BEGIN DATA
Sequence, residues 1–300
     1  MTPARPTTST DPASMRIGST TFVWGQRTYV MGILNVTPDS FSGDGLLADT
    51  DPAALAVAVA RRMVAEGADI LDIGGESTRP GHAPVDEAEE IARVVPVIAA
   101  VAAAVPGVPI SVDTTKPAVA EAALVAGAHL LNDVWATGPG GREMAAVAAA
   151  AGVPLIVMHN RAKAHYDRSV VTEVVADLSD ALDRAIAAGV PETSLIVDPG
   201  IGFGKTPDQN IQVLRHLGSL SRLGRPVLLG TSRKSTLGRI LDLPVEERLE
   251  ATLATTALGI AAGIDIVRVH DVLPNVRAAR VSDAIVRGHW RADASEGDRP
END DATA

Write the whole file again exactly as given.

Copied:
Sequence, residues 1–300
     1  MTPARPTTST DPASMRIGST TFVWGQRTYV MGILNVTPDS FSGDGLLADT
    51  DPAALAVAVA RRMVAEGADI LDIGGESTRP GHAPVDEAEE IARVVPVIAA
   101  VAAAVPGVPI SVDTTKPAVA EAALVAGAHL LNDVWATGPG GREMAAVAAA
   151  AGVPLIVMHN RAKAHYDRSV VTEVVADLSD ALDRAIAAGV PETSLIVDPG
   201  IGFGKTPDQN IQVLRHLGSL SRLGRPVLLG TSRKSTLGRI LDLPVEERLE
   251  ATLATTALGI AAGIDIVRVH DVLPNVRAAR VSDAIVRGHW RADASEGDRP